Oct. 10

Commentary: Bishop Sunday Onuoha on Faith Communities’ Role in Improving Health

by Ray Chambers

Faith communities have tremendous potential to improve health throughout the world. Achieving the MDGs will require us to take better advantage of the ground game faith that communities make possible.

Bishop-Sunday-Oct-NewsletterOur partners in the international development community often mention the positive role that religious leaders and networks can play in support of health outcomes. Yet efforts to achieve the Millennium Development Goals (MDGs) have failed to systematically engage religious networks to full advantage. The faith community offers an asset that is inestimable in its potential for driving change: we have a deeply rooted and highly trusted ground game that reaches every village, no matter how small or remote. Faith communities hold a number of key tools to help accelerate the pace of maternal and child survival; we have centuries of practice at “behavior change” and from our leadership to our rural pastors and imams; and we’re ready to make a difference for the health of our people!

Our story in Nigeria illustrates the positive role that faith networks can play. In 2009, various donors had put together nearly $2 billion for malaria control in Nigeria. The plan included significant resources for nets, but needed more manpower to deliver essential behavior change messaging. The Ministry of Health and Ray Chambers, UN Special Envoy for Financing the Health MDGs and for Malaria, had the foresight to approach the faith community in Nigeria about helping. We established the Nigerian Interfaith Action Association (NIFAA) as an NGO with leadership from the Sultan of Sokoto, who is the spiritual leader of Muslims in Nigeria, and the President of the Christian Association of Nigeria representing all Christian denominations. An essential piece of the malaria coalition was now in place.

By working with NIFAA, the Nigerian government was able to engage with all religious groups through one organization. Using seed funding from the GHR Foundation and malaria funding from the World Bank, we had huge success in fighting malaria by training over 20,000 faith leaders in the first 18 months of operation. An independent evaluation of NIFAA’s World Bank-funded work showed more than twice as many children under five slept under a net (51.6 percent) in locations where NIFAA leaders had been trained as compared to nearby and demographically similar areas where only 25.1 percent had slept under a net. I know of other faith networks throughout Africa, such as those supported by Episcopal Relief and Development’s NetsforLife, that have conducted independent evaluations demonstrating similar impact and improved health outcomes.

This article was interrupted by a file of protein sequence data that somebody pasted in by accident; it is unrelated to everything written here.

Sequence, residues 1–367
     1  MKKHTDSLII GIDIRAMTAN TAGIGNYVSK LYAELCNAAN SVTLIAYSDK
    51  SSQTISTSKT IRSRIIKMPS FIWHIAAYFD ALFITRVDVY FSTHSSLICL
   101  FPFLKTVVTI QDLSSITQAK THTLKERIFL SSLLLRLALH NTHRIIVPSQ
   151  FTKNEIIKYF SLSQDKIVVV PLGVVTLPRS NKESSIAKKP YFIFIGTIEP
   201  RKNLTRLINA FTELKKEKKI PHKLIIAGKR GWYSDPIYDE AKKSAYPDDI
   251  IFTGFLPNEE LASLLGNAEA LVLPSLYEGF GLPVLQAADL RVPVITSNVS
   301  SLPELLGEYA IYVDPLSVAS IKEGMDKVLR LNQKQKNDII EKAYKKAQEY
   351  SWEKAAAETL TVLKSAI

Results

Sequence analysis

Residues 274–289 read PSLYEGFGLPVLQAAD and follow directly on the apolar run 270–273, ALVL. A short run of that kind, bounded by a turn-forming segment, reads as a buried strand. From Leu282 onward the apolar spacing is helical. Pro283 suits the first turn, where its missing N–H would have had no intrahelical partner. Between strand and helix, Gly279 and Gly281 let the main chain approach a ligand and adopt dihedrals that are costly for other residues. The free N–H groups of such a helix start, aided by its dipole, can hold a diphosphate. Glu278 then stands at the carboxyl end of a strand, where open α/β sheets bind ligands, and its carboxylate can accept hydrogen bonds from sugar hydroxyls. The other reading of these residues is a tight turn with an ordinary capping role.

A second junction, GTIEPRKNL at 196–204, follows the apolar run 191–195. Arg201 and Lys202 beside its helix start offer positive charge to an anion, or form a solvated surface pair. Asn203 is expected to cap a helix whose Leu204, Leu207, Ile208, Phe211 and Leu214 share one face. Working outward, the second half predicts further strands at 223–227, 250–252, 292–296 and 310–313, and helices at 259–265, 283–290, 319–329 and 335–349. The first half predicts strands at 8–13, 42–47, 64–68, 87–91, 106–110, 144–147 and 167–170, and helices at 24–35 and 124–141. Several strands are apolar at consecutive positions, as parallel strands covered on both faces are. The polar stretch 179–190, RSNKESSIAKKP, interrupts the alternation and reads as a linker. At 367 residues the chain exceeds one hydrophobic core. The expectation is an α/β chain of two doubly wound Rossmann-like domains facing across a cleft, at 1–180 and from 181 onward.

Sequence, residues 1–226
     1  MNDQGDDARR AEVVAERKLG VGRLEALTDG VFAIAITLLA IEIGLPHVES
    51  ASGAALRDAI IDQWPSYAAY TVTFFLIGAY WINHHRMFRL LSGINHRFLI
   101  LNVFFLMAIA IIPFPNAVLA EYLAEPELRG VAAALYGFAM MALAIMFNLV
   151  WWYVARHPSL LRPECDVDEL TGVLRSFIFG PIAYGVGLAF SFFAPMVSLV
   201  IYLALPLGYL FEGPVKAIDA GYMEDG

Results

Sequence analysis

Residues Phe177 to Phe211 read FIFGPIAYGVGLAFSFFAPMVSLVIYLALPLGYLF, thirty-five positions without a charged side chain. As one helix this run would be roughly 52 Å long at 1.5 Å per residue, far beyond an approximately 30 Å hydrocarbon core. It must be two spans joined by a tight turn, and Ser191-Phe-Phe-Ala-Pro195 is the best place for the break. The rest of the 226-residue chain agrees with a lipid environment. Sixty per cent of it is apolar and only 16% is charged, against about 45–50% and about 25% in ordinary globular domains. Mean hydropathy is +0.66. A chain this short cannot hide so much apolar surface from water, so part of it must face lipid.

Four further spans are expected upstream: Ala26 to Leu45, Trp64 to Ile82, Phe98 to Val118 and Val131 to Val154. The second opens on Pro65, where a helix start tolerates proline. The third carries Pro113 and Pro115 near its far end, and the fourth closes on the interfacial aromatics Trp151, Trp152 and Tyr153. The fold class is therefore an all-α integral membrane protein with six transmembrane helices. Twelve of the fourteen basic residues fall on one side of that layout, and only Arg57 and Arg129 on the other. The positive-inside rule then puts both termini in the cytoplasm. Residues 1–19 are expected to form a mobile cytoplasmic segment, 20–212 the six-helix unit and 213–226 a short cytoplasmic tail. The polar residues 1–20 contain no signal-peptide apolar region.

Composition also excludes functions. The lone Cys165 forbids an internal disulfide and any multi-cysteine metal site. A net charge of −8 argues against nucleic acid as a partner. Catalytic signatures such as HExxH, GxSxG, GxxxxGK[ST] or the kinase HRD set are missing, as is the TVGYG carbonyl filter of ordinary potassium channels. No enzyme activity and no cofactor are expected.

Now that the Nigerian government has launched its “Saving One Million Lives” initiative, it would be irresponsible not to utilize NIFAA, a tremendous asset that has been created with donor funding and where NIFAA infrastructure exists in every state. Our communities of faith are eager and stand ready to support maternal and child health goals. In May 2014, NIFAA convened the Faith Summit for Child Health with participation from the Honorable President represented by Health Minister Chukwu, Global Fund Executive Director Dr. Mark Dybul and other key donors to develop a plan on how to best mobilize and invigorate the faith communities. The overwhelming consensus from the meeting was that the Government should continue to engage NIFAA in its malaria response, as well as on other leading causes of maternal and child deaths, with a specific focus on messaging around use of ORS and zinc in diarrhea treatment.

My brothers and sisters of faith in other countries facing similar health challenges as Nigeria share the same calling of NIFAA members to support their congregants, not only spiritually but also in other areas of life that present a challenge, including in health. As the African continent faces an Ebola epidemic, we know that poor information and rumors are hindrances to stopping this horrible disease. Faith leaders have the trust of the community. We can work hand in glove with public health officials to ensure that communities have accurate information about stopping transmission, that individuals seek treatment when ill, and that health officials bury the dead safely. Faith leaders also can fill a critical need in spiritual healing as we battle Ebola and, once we have conquered it, in providing hope to families who have lost loved ones.

While faith engagement can be cost-effective, it is not free. Donors need to invest in building the capacity of indigenous interfaith networks to support MDG efforts, particularly in behavior change messaging. This investment will support the MDGs, and also contribute to peace and security as Muslims and Christians work together toward a common goal and improve health and opportunity in communities throughout Africa. It will build the capacity of religious networks that have been part of these communities for centuries and will continue to serve the needs of our people for centuries to come.

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